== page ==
Besides his near win at Laconia, Kelley also put in a close-to-winning performance at Dodge City in 1952 before hitting a hole in the track and flying into the air, breaking off his foot pegs when he landed. The time he lost in the pits cost him a chance at the win. Kelley wound down his racing career after 1953, only making the occasional big event such as Daytona for the next few seasons.

After retiring from racing, Kelley focused on the family business. For a time, the dealership business also included being a motorcycle distributor for Berliner. Then, in 1959, KK Motorcycle Supply was started. Under Kelley’s guidance, the company grew quickly. A hiccup in the growth came in the mid 1960s when Kelley’s father retired. Poor accounting advice left the company with great tax debt, due to Kelley’s father handing over his stock to Kelley. The business suffered a major financial hit, but Kelley gradually brought KK back to its former strength and beyond. By 1970, Kelley sold the motorcycle dealership to concentrate on the rapidly growing KK.

With the business again on stable footing, Kelley began sponsoring racers. One of his proudest memories as a sponsor was in 1967 when Gary Nixon called and told Kelley that he needed some help to make it to Daytona. Kelley purchased a 250 GP bike for Nixon to race in the lightweight event and gave him enough money to pay for expenses.

"Gary asked me to come down and be part of his pit crew," Kelley recalled. "I told him I had to stay in Ohio and work to pay for his racing bike. When he called and told me that he’d won both the 250 race and the Daytona 200, that was one of my happiest moments as a sponsor."

Through KK, Kelley went on to sponsor many other racers, including Gary Scott and Steve Morehead. Kelley often financed Scott’s sometimes controversial claiming of some of the top Harley-Davidson factory dirt track racers during the mid 1970s.

Kelley faced one of his biggest challenges in 1971 when he was elected as president of the AMA. Kelley found that the association was in deep financial difficulties. He worked tirelessly for three years to put the right people in place to help bring stability to the AMA.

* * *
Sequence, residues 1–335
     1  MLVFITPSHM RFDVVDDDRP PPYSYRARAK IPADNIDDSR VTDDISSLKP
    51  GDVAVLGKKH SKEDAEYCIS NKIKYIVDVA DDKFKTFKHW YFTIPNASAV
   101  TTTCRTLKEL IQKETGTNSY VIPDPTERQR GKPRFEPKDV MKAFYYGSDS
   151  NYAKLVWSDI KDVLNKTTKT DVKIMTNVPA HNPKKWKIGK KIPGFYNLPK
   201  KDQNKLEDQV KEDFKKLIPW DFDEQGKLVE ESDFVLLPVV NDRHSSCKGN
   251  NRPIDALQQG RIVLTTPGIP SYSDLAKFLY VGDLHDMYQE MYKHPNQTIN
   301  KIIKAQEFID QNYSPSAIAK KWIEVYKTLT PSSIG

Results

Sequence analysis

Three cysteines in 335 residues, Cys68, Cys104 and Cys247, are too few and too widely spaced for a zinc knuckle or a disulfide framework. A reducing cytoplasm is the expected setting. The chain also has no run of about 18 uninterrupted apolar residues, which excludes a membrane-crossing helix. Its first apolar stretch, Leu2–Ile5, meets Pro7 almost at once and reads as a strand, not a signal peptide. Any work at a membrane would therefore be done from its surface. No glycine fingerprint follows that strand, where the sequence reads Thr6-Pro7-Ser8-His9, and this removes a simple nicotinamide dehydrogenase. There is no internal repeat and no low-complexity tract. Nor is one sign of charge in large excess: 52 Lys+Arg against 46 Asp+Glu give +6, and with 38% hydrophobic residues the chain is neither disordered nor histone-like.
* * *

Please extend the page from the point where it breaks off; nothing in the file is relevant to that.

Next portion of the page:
Even after he resigned as president, Kelley saw the need for the AMA to get more involved in the preservation of the history of the sport. In the late 1970s, Kelley donated money to the association to start a study group to see what it would take to get a museum project off the ground.

To fight the bad image that much of the general public had of motorcyclists, Kelley started a charity dirt-track race in the early 1970s that contributed to Dayton-area organizations. The race and its associated activities raised over two-million dollars for area charities and when Kelley was inducted into the Hall of Fame in 1999 the event was still going strong.

An outgrowth of the charity race was a local motorcycle television show on the Dayton ABC television affiliate. At first, the show was started simply to promote the charity race, but it was received so well that it expanded to a half-hour program that ran for seven years.

"I think one of Dave Despain’s first television appearances was on that show," said Kelley. "He was the AMA communications director and we just sat down and talked with him about what the AMA was doing to promote the sport."

After a series of heart attacks in the early 1990s, Kelley was forced to retire from his business. He moved to Florida and became an avid golfer.

Harry "JR" Kelley was inducted into the AMA Motorcycle Hall of Fame in 1999. He passed away in December 2012 at the age of 86.